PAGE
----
Last semester towards my portfolio I felt as if I did accomplish this to some extent. I want to push myself further and really put myself out there and find a way to inspire and capture the essence so that not only I can relate to but others as well.

Courtney 1/24/10

This week, for my first blog, I didn't get a chance to see a show. So, next best thing....look up an artist that Libby suggests. I was looking through my syllabus and remembered that we will have some visiting artists soon. One of them is Lupita Tinnen. The first thing that came up when I googled her was her "Mourning sickness" series. This series of photos is very powerful. Shot in black and white, they portray her personal struggle with infertility. Almost all of the shots are of Lupita in varying poses that illustrate her despair. She never faces the camera, allowing other viewers to be able to fill her shoes. While she is clearly the focus of the shots, the way she uses the rooms, furniture, fabric and daily use items help drive home the idea of loss and spare-ness. Many of the shots have a window that shines brightly, almost as if to suggest hope in an other wise hopeless situation. I love all the shots of this series, but the one that keeps me looking is one that sort of looks like a double exposure. It shows her as a translucent figure standing over a counter near a sink. She appears to be almost disappearing. It is beautiful and haunting.

Thursday, January 21, 2010

Windows- Apryl Corbin- 1.21.10

This photo was taken by Ralph Eugene Meatyard. Libby had mentioned him in class and I cannot express how much I am in love with this weird soul...his photos anyhow. This is one of my favorite window pictures of all time. The mystery and irritating vibration that resounds from looking at it stresses me out and makes me happy all at the same time. Not many things in this world can do that!! But when it happens...Bliss...this. The way Meatyard makes you stare at the image leaving light casts mocking the windows, it's almost as if a conversation is being held between the lights in the photograph. The way his camera shook when taking the eerie photo makes you wonder if it is a happy accident or intentional. Its just "yummy" in Libby's words. There is movement in the photo and tention in the movemet which balances to greatness. Man, I can't wait to go window shooting!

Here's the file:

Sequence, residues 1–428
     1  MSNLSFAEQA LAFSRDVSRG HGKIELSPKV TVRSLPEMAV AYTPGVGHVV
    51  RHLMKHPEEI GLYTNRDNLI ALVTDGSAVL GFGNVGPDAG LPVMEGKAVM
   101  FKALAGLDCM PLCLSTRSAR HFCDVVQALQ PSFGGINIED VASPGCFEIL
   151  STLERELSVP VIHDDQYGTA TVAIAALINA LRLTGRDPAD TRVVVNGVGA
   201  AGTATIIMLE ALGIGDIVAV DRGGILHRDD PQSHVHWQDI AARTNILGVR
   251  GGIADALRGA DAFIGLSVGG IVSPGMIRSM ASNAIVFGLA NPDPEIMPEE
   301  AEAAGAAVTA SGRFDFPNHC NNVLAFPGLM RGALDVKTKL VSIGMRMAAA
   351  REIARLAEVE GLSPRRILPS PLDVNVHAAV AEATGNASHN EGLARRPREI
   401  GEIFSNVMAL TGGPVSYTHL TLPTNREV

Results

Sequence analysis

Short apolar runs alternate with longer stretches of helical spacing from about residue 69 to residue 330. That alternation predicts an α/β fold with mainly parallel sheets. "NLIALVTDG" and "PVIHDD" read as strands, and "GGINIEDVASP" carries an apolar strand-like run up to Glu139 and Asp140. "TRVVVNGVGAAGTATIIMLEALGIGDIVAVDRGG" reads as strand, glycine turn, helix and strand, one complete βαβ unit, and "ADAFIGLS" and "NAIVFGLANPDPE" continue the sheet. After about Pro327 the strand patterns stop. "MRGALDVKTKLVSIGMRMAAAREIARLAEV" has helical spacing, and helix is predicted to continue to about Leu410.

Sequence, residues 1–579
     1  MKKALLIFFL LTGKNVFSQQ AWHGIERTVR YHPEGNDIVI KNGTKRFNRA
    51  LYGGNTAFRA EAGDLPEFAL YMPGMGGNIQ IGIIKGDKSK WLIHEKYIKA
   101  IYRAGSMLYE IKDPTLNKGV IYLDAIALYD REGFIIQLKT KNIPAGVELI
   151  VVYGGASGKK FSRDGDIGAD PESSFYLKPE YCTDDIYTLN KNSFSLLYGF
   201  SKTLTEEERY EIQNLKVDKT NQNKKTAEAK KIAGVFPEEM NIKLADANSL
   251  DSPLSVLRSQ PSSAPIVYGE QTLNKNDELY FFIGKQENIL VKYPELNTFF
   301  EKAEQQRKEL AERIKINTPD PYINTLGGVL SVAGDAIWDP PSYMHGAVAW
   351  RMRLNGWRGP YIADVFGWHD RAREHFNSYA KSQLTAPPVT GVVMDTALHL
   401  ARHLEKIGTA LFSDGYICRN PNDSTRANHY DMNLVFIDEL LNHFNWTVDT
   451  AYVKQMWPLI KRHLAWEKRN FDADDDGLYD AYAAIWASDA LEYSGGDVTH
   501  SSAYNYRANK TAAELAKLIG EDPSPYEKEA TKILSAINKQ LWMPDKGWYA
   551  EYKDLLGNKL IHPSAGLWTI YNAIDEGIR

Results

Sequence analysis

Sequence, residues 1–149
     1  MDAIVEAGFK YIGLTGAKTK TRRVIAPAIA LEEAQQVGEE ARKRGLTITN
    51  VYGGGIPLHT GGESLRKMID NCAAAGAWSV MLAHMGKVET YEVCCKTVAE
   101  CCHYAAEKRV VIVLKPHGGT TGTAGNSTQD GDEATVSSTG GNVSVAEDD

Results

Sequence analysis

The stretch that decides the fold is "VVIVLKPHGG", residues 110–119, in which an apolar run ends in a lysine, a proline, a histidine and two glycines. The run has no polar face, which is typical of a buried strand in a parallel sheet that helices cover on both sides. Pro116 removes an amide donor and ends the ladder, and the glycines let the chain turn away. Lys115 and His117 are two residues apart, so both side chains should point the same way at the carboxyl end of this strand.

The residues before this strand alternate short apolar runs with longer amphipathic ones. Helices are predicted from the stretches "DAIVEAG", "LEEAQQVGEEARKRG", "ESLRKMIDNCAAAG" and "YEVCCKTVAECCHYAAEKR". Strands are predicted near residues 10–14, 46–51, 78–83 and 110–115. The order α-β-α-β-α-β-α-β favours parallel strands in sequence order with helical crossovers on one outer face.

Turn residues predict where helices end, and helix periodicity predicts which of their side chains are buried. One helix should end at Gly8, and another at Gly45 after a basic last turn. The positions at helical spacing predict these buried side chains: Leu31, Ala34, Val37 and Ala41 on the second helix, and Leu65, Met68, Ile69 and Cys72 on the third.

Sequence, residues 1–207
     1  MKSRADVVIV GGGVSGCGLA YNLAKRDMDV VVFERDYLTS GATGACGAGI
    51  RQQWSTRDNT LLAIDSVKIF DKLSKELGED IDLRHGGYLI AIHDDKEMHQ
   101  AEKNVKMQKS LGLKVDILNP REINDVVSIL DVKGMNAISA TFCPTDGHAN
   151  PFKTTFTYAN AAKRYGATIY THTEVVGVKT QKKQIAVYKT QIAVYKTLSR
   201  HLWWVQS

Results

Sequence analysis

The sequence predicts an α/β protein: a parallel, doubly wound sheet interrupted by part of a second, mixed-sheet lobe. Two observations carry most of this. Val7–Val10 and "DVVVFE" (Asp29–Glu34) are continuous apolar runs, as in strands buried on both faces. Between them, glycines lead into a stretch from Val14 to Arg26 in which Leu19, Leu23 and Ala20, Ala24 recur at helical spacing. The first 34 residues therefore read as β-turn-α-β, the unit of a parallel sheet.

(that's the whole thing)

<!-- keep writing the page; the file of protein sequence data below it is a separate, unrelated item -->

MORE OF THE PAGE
Wednesday, January 20, 2010

Brittany Kennedy 1/20/10 Intense Concentration

I went to the opening at the UTSA Art Gallery and the piece that caught my attention the most was by Hong Chun Zhang. He had four works hanging on the wall in which three are part of a triptych titled "Three Graces". The other is the one I favored the most called "Twister". This piece is a charcoal on paper on scroll which covers the wall from the ceiling to floor. The grand scale of the piece is what captivated me. From across the room the viewer could see exactly what the imagery was. Up close as the viewer I was captivated by the high contrast between the black, gray's, and highlights in the piece. The next captivating moment was the attention to detail in the motion. The painterly strokes added a feeling to this "Twister" which was much different then what a twister actually does. It destroys, vexes you, makes you uneasy and helpless. A natural disaster to which mankind must submit to the harsh reality. Zhang is able to captivate this well known image within a work of art and make it seem peaceful and welcoming. This artwork comes across complete. As if the story told is conveyed to the viewer without having to experience the twister and see the damage that typically comes along with this imagery. Further more the way he treated the part of the twister that touches the ground is delicate yet inviting. The viewer when walking up to the work places their eyes at eye level and is forced to view upwards then back down and the viewer is invited to keep doing that following the painterly motions of the artist strokes. This relationship between viewer and the work can at times be unsettling however as a result of the way the artist treated where the twister touches the ground the relationship is balanced.

Sunday, January 10, 2010

Welcome to Libby

Hello Advanced photo students.
This is your blog, please see the assignment sheet for details. I have left the past semester of entries online for you to peruse at your leisure. Please make sure you put your NAME in the entry title line so that I can give you credit for your weekly entries.